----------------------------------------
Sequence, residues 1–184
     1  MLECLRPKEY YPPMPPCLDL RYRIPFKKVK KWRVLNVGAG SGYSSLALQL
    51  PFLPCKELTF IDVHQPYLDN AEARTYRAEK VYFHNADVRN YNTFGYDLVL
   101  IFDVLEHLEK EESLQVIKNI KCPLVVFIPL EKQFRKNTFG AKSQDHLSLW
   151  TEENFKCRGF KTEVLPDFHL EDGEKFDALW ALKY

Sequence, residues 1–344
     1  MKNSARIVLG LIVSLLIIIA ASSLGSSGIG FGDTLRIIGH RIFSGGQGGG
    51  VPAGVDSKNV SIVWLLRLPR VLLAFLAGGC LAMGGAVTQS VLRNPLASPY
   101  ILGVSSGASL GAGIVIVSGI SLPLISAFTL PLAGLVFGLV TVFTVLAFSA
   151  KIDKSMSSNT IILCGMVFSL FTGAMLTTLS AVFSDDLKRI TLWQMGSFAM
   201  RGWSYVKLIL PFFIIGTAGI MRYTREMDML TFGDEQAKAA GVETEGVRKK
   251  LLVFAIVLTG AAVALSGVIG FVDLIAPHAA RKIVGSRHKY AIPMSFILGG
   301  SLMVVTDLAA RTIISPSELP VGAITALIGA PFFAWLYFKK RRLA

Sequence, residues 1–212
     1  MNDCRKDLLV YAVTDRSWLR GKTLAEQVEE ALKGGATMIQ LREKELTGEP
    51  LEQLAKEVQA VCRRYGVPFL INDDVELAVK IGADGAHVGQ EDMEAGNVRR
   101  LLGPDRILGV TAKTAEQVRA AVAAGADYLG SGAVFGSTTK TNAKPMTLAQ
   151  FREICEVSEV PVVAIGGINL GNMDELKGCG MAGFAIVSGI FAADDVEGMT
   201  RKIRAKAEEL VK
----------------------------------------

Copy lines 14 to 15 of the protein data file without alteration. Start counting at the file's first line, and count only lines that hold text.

Sequence, residues 1–212
     1  MNDCRKDLLV YAVTDRSWLR GKTLAEQVEE ALKGGATMIQ LREKELTGEP